Paleozoic Sedimentary rocks
Yellowish-brown and white sandstone, yellow to gray limestone, gray shale. Low water-bearing potential in shale beds, high in sandstone and fractured limestone beds. Primary aquifers for the Twin Cities.
Precambrian rocks
Weathering residuum- White and green clay, variable proportions of white to gray grit. Forms a cap on top of Precambrian rocks. Low water-bearing potential, except for low-capacity wells in areas where grus is developed, but these are hard to predict.
Keweenawan System- Yellowish-brown sandstone, underlain by volcanic basalt flows with thin brown sedimentary rocks between flows. High water-bearing potential in upper sandstones, moderate in interflow sedimentary rocks.
Early Proterozoic and Archean crystalline rocks- Gray to black slate and schist, pink to gray granite, and gabbroic rocks. Prediction of bedrock possible with varying degrees of confidence from published bedrock geologic maps. Very low water-bearing potential, except in areas where the rock is highly fractured.

Selected references to the geology of central Minnesota

  1. Subsurface research and scientific drilling in western Minnesota. D.L. Southwick, 1980.
  2. Scientific core drilling in central Minnesota: Summary of lithological and geochemical results. D.L. Southwick, G.N. Meyer, and S.J. Mills, 1986.
  3. Minnesota kaolin clay deposits: A subsurface study in selected areas of southwestern and east-central Minnesota. D.R. Setterholm, G.B. Morey, T.J. Boerboom, and R.C. Lamons, 1989.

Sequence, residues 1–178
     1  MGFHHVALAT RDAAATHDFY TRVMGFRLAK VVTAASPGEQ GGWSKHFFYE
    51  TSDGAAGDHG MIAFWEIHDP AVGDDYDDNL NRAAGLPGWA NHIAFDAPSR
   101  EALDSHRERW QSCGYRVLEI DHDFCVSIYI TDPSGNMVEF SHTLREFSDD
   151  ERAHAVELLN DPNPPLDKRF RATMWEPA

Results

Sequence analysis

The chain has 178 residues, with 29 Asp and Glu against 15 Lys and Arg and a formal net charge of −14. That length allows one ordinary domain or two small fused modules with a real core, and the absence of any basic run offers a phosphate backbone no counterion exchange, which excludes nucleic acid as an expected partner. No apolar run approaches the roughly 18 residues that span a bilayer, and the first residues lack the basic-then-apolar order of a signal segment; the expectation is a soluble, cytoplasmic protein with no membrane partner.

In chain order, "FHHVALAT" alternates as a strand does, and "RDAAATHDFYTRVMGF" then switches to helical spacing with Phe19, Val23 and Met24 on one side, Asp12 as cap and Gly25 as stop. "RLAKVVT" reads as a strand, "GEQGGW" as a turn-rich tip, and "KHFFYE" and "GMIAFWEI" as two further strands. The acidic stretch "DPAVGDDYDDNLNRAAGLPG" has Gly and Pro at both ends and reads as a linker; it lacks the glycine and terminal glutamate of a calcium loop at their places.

4. Graphite in Early Proterozoic rocks of east-central Minnesota. P.L. McSwiggen and G.B. Morey, 1989.
  5. Scientific test drilling in west-central Minnesota: Summary of lithological and stratigraphic results 1987-1988, and some preliminary geological conclusions. D.L. Southwick, D.R. Setterholm, and T.J. Boerboom, 1990.
  6. Pre-Penokean igneous and metamorphic rocks, Benton and Stearns Counties, east-central Minnesota. G.A. Dacre, G.R. Himmelberg, and G.B. Morey, 1984.
  7. Subsurface till stratigraphy of the Todd county area, central Minnesota. G.N. Meyer, 1986.
  8. Geologic map (scale 1:250,000) of the Penokean orogen, central Minnesota. D.L. Southwick, G.B. Morey, and P.L. McSwiggen, 1988. (Geologic map).
  9. Geologic atlas of Hennepin county, Minnesota. N.H. Balaban, editor, 1989.
  10. Geologic atlas of Washington county, Minnesota. L. Swanson, and G.N. Meyer, editors, 1990.
  11. Geologic atlas of Ramsay county, Minnesota. G.N. Meyer and L. Swanson, editors, 1992.
  12. East-central Minnesota, bedrock geology. G.B. Morey, B.M. Olson, and D.L. Southwick, 1981.
  13. St. Paul Sheet, bedrock geology. R.E. Sloan and G.S. Austin, 1966.
  14. Quaternary Geologic map of the Minneapolis-St. Paul urban area, Minnesota. G.N. Meyer, 1985.
  15. Bedrock geologic and topographic maps of the seven-county Twin Cities Metropolitan area, Minnesota. M.A. Jirsa, B.M. Olson, and B.A. Bloomgren, 1986.
  16. Bedrock geologic map of the Minneapolis-St. Paul urban area, Minnesota. B.A. Bloomgren, 1985.
  17. Bedrock topography and isopachs of Cretaceous and Quaternary strata, east-central and southeastern Minnesota. J.H. Mossler, 1983.
  18. Ground-water geochemical atlas for parts of east-central Minnesota. R.S. Lively and G.B. Morey, 1985.
  19. Geologic map of Minnesota, depth to bedrock. B.M. Olson and J.H. Mossler, 1982.
  20. Geologic map of Minnesota: bedrock geology. G.B. Morey, 1993.
  21. Geologic map of Minnesota, Quaternary geology. H.C. Hobbs and J.E. Goebel, 1982.
  22. Hydrogeologic map of Minnesota, bedrock hydrogeology. R. Kanivetsky, 1979.
  23. Hydrogeologic map of Minnesota,Quaternary hydrogeology. R. Kanivetsky, 1979.

The above maps and publications are available from the Minnesota Geological Survey, 612-627-4780.